His name is on the Wall of the Missing at Cambridge American Cemetery.  He was greatly loved by his wife, parents, brothers and sisters, all who grieved for him until their dying day.

Louis Archer Bolton, and his wife, Wilma Jackson Bolton,
when he was on leave just prior to shipping overseas in March 1944

His Sister's Story

I am the younger sister of Louis Archer Bolton, who was killed in WWII in a dress rehearsal for D-Day, called Exercise Tiger.  He died in the English Channel on April 28, 1944, and was 19 years old.  The family called him by his middle name, “Archer”.  I was 13 years old. 

I remember my brother coming home on leave before he was sent overseas, along with his wife, Wilma.  He spent as many days as possible with the family.  He looked so handsome in his Army uniform and we were so proud of him.  We took a lot of pictures with him and enjoyed the time we had visiting before he left.  He was a fun loving, wonderful guy.  We weren’t too worried about his safety, as he had been assigned to a graves registration company, so he wouldn’t be on the front lines.  He was shipped overseas in March 1944, to England.  He wrote letters to my mother and father, but couldn’t say much, because the mail was censored.  He did talk about being in England and living with a local family, along with a few other soldiers.

In May that year, my mother became worried, as she had not heard from Archer for quite a while.  Then we received the news from his wife, Wilma, that she had been notified he was Missing in Action.  My mother became very distraught and began praying that he was still alive somewhere.

Agonizing months passed without any news.  Then, as I was walking home on an August day in 1944, I passed by my neighbor who was watering her yard.  She told me that Archer had been killed.  I began to scream the words "No! No!" as I ran home.  All the blinds were pulled down.  I ran into the house and saw my mother weeping, then I knew it was true.  I began to cry, too, along with my older sister and younger brother.  My father usually never showed his emotions, but I could tell he was devastated.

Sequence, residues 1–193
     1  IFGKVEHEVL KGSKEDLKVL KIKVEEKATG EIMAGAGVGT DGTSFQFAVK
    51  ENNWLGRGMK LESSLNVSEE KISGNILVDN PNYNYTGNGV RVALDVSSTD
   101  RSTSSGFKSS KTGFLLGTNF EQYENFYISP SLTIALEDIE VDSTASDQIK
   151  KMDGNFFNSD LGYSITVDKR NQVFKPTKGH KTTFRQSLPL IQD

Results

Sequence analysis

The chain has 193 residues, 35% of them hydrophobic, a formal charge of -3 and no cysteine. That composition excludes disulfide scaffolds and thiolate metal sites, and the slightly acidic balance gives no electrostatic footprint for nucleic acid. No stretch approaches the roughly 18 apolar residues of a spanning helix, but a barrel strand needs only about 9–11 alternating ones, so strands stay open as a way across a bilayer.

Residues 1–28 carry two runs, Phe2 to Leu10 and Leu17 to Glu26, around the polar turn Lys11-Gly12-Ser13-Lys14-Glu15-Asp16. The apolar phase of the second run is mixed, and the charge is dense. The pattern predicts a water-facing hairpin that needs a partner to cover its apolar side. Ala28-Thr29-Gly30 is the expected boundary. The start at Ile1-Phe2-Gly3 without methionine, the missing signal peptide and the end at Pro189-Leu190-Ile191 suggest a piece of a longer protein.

During the days and weeks following the news, everyone was quiet and sad, and there was mostly silence in the house.  We were also thinking about my other older brother, Eldon, who was in the Navy, stationed in Brazil, who was away from the family when he received the sad news.  We had no memorial service as Archer’s body was never found, and my mother would say that he was a good swimmer, so maybe he made it to shore, had been captured by the Germans, and he would be coming home after the war ended.  She held out hope until the war was over and then finally accepted he was gone.  Our sadness was lifted somewhat when Eldon came home from the war safe and sound.  My mother mourned the son she lost until the day she died at 89 years old.

In 1994, I was watching a special news program.  They were interviewing WWII veterans that had survived a German E-Boat attack in the English Channel, called “Exercise Tiger”.  When I heard the date, April 28, 1944, I realized it was the same day my brother died.  At the time of his death, the only details we were told was the date and where he died.  I quickly called my niece, Laurie Bolton, and she turned on the program.  She wrote down the name of one of the veterans and called him the next day.  He confirmed what we suspected, that this was the event that took Archer’s life.  My niece then attended the 50th Reunion of Exercise Tiger survivors and began gathering information about his last weeks and days.  She then traveled to England in 1994, to visit a memorial site in Slapton Sands, England, that paid tribute to those Americans who died on that day.  Over the years she has returned many times with survivors, and represented our family in finally paying tribute to the beloved son, brother, and uncle our family lost.  His name is forever engraved on the Wall of the Missing at Cambridge American Cemetery and he is forever in my heart.

Shirley Bolton Budd